Growing up in Hong Kong, Audrey Mok was first introduced to some of America's most iconic characters through Cartoon Network.
Now, the artist is drawing characters she watched as a kid. Last month she debuted as the new lead artist for Archie Comics' Archie series and is currently gearing up for the release of "Archie #24 - Heart of Riverdale Part 2," which is scheduled to be released Sept. 27. The new comic centers on Archie's rival Reggie Mantle as he is accused of something he is innocent of.
For Mok, working on the historic Archie franchise was the culmination of a lifelong interest in comics.
"I grew up watching quite a lot of American cartoon shows and Disney animated movies, and started watching Japanese animated shows on TV when I was in elementary school," Mok told NBC News. As her interest in comics grew, so did her dream of creating art of her own. "Then I began visiting the local comics shop every week," she added.
Mok also discovered the world of manga and other Japanese animation styles.
"One of my favorite shows at that time was 'Card Captor Sakura,' which brought my attention to manga," she recalled. "At the same time, when I started drawing fan art, I discovered more about doujin (fan books) and comics conventions, so I worked on my own comic books and participated in some of those conventions in Hong Kong, Taipei and Tokyo."
That exposure led comic industry creatives to discover Mok's work. One of those who reached out to her was "American Century" and "Star Trek" writer David Tischman, who in 2010 reached out to ask if she would be interested in working on "Heroine Chic," a webcomic about a 20-something professional trying to navigate a "Devil Wears Prada"-type workplace while living in a world filled with superheroes.
It was Mok's big break. "I began working as a full-time comic artist," she said.
She continued drawing empowered heroines when she became the lead artist of Archie Comics' rebooted "Josie and the Pussycats" series earlier this year.
"I could remember watching the animated show when I was little, singing and dancing along when the theme song came up," Mok said. "It's very surreal and definitely a dream to be able to work on the reboot series."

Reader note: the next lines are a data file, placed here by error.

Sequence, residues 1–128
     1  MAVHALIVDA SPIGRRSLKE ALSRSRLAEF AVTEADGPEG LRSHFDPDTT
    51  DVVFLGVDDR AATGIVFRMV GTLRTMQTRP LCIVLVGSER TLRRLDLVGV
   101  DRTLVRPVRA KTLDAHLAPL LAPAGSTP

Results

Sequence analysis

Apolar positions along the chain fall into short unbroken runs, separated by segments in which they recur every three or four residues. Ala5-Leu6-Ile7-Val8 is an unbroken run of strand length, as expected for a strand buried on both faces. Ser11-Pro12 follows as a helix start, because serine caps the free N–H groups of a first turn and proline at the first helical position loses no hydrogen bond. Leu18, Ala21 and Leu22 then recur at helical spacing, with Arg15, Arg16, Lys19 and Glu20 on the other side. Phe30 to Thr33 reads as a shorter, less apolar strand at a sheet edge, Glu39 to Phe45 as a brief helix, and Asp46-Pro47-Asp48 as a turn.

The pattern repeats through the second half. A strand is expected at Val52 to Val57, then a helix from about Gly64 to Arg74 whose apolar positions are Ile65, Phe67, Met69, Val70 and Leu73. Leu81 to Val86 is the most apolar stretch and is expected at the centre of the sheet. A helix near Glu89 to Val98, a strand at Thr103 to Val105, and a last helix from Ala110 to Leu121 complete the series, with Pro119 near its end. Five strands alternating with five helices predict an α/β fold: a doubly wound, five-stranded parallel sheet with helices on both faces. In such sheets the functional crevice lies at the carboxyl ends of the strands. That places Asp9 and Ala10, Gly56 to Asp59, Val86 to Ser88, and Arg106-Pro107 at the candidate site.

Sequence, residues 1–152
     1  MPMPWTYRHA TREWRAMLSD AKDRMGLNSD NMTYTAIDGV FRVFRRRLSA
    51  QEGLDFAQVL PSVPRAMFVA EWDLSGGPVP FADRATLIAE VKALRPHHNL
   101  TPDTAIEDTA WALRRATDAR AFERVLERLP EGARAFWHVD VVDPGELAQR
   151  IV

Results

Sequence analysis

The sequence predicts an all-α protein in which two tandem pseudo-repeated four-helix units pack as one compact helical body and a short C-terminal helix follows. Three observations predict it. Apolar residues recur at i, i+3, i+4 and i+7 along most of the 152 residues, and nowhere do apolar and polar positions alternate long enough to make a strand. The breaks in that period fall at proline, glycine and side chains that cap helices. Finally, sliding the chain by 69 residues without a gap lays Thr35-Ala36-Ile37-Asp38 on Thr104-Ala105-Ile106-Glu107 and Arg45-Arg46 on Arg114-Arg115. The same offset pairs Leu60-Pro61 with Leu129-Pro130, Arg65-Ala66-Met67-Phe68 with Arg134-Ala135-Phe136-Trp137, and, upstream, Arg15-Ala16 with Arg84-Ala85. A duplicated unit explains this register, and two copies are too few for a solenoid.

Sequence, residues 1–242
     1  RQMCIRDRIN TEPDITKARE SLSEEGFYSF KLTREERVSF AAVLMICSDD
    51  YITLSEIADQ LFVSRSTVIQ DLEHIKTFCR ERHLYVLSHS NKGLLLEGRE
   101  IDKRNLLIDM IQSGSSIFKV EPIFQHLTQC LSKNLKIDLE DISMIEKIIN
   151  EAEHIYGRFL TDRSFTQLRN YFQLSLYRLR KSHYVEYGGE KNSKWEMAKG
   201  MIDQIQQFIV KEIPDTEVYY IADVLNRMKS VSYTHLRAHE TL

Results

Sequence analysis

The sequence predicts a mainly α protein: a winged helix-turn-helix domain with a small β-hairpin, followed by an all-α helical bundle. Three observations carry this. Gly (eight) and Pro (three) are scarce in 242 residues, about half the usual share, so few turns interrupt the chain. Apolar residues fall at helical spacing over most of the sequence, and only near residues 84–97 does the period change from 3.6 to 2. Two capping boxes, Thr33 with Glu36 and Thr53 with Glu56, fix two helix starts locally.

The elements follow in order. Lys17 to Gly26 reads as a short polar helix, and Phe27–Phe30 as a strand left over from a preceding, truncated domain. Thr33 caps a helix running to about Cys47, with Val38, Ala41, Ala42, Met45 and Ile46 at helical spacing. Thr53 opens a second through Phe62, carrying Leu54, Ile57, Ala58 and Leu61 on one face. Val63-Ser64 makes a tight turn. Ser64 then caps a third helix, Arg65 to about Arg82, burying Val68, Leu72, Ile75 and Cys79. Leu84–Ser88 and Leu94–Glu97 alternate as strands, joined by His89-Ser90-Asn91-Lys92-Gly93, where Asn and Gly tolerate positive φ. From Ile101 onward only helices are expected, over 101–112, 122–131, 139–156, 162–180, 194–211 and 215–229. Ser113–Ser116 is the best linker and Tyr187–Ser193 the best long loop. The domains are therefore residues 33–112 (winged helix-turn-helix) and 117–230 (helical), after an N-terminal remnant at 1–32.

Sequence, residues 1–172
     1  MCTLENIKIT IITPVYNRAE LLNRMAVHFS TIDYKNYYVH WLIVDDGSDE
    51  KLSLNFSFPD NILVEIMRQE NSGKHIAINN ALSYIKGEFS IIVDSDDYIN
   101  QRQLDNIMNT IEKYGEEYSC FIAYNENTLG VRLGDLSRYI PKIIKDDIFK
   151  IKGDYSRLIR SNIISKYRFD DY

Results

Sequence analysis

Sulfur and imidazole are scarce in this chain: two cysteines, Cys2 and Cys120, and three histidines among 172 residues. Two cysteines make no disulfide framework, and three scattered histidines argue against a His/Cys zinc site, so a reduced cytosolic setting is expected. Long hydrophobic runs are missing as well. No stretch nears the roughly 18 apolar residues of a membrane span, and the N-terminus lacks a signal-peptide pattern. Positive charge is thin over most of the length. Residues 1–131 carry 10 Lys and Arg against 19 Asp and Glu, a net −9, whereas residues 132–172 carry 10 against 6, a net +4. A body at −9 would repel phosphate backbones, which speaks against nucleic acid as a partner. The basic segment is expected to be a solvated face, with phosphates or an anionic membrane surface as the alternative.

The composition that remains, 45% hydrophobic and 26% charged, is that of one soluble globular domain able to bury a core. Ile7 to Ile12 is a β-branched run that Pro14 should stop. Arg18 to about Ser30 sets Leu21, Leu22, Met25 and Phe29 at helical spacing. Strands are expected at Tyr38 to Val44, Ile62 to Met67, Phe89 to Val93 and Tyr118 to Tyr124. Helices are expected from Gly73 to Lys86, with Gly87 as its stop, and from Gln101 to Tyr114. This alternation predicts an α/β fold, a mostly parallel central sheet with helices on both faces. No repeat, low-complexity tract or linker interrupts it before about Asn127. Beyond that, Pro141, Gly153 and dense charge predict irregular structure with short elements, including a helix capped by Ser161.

"I could remember watching the animated show when I was little, singing and dancing along when the theme song came up."
Her familiarity with the characters led Mok to give special attention to how she could pay tribute to their personalities through their costumes.
"I think one of the best ways to emphasize it is through each character's personal style," Mok noted. "For example, even though the Pussycats are wearing the same iconic cat suits, I added little details like different shoes and jackets to make sure their individuality stands out."
"Josie and the Pussycats" marked the first time Mok worked as an artist on an in-print comic book. "Marguerite [Bennett] and Cameron [DeOrdio] did an amazing job in reinventing the story, giving it a more down to earth and realistic tone but at the same time combining the fun and crazy adventures of the classic stories," she added.
Who is the Heart of Riverdale? A new story begins this August in ARCHIE #23 by Mark Waid & Audrey Mok! pic.twitter.com/4wFoLWQej9— Archie Comics (@ArchieComics) July 16, 2017
In May, Archie Comics announced that Mok would become the new lead artist for "Archie." Though Mok acknowleges that the original Archie characters have received increased interest over the last year due to the popularity of the teen drama "Riverdale," she said she has not yet watched the hit show set in the Archie universe. "But I heard the show is inspired by Twin Peaks, with a darker approach, and I'm very interested in finding out more about it," she said.
"Riverdale" fans will be encouraged to learn that like the show, the comics reboot also has what she called a "down-to-earth and realistic story format."
Reflecting on her career to date, Mok said she was happy that her art has enabled her to create a career that led her to one of the most iconic comics franchises.
"It has been a wonderful experience to draw comics, tell stories, and produce my own little comic books," she said. "I fell in love in doing that and sharing them with fans who support my work."